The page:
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Rockwell, Norman

Rockwell, Norman, 1894–1978, American illustrator, b. New York City. One of America's favorite artists, Rockwell specialized in warm and humorous scenes of small-town American life, and from the late 1930s he used ordinary people as his models. Best known for his magazine covers, especially those for the Saturday Evening Post (323 in all from 1916 to 1963), he developed a style of finely drawn realism with a wealth of anecdotal detail. During World War II, his posters on the Four Freedoms were widely circulated. In the 1960s his illustrations tended to have more liberal themes, as in The Problem We Live With ( Look magazine, 1964), which shows an African-American schoolgirl being escorted by officers past a wall scrawled with an ugly racial epithet. Scorned during his life by some art critics as a mere illustrator, he has been posthumously recognized as a significant American artist. Rockwell lived the last 25 years of his life in Stockbridge, Mass., where a museum devoted to his work opened in 1993.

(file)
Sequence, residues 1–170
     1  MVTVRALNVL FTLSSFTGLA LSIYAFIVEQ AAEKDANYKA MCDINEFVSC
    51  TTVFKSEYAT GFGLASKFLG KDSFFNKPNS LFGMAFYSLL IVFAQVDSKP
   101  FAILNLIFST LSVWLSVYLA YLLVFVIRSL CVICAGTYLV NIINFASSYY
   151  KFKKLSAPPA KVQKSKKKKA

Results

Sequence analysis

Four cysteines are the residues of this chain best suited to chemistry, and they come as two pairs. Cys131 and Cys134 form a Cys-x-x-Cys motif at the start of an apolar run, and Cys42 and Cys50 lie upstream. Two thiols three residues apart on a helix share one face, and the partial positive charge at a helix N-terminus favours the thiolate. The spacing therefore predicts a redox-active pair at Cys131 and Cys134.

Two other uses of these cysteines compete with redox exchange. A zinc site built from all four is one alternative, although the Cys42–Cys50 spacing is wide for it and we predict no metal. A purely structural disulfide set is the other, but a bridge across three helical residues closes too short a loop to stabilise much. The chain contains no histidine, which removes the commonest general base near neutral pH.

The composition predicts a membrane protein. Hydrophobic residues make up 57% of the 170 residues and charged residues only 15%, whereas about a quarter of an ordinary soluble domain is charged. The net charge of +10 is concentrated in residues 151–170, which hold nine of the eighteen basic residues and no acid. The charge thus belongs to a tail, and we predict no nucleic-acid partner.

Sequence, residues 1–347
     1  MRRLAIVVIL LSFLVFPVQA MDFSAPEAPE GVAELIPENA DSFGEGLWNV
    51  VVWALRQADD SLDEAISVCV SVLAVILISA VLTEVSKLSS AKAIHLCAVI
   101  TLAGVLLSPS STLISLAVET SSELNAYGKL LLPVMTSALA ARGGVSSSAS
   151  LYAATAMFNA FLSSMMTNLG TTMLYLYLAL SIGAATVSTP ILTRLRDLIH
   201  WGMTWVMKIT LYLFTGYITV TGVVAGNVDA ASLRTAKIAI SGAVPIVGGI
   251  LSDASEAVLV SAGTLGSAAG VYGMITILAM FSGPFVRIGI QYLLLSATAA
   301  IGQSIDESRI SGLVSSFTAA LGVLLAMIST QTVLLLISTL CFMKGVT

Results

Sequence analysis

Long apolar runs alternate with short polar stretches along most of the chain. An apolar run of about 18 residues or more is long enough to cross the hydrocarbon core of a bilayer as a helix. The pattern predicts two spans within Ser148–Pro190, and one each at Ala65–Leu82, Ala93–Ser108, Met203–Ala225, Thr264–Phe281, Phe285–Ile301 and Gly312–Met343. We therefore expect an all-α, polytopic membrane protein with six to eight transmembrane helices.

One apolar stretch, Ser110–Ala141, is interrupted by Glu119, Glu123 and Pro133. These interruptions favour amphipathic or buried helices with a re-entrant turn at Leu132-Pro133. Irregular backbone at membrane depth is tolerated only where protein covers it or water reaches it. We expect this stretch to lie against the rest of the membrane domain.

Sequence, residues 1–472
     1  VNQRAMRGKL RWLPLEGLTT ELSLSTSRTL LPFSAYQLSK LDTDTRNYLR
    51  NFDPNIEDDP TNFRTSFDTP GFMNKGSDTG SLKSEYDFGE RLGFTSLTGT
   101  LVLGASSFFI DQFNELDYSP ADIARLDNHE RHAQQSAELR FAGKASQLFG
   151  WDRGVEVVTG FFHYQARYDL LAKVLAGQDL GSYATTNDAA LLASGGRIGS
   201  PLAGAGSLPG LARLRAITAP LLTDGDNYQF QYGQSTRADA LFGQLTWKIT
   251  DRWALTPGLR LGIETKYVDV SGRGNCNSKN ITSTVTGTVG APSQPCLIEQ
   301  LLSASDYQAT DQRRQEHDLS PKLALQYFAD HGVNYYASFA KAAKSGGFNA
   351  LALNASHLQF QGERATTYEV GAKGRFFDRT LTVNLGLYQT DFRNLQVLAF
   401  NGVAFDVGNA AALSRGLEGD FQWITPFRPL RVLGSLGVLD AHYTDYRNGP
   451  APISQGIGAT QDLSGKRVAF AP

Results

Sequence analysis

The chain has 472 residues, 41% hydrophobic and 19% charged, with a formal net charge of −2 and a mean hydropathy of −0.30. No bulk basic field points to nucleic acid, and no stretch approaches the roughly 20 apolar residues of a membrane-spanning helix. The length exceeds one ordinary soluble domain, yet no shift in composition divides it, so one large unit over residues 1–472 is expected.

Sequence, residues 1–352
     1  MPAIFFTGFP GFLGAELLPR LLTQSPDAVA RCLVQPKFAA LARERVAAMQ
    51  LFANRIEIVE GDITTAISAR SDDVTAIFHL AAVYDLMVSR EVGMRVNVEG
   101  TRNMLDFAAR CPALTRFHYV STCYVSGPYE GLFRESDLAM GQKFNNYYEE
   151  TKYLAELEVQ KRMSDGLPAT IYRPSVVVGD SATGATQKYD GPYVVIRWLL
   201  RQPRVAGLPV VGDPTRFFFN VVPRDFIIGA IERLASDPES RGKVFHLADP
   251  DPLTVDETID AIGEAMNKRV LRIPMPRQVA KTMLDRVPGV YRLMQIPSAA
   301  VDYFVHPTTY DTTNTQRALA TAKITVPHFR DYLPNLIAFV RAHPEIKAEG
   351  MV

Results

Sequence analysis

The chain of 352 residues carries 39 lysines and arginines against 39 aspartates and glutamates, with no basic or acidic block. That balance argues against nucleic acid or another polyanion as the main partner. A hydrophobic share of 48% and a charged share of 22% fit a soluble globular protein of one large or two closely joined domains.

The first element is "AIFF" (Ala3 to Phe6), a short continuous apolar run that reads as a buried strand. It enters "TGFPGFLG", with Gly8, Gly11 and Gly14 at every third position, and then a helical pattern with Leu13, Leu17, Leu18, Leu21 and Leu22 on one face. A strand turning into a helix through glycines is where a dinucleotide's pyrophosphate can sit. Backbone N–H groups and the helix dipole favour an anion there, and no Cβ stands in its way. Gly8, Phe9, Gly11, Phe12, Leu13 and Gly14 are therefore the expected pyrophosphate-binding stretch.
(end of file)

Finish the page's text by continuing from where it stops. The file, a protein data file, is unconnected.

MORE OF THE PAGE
See his autobiography (1960) biographical works by T. S. Buechner (1970), L. Claridge (2001), and D. Solomon (2013) study by R. Halpern (2006).

The Columbia Electronic Encyclopedia, 6th ed. Copyright © 2012, Columbia University Press. All rights reserved.

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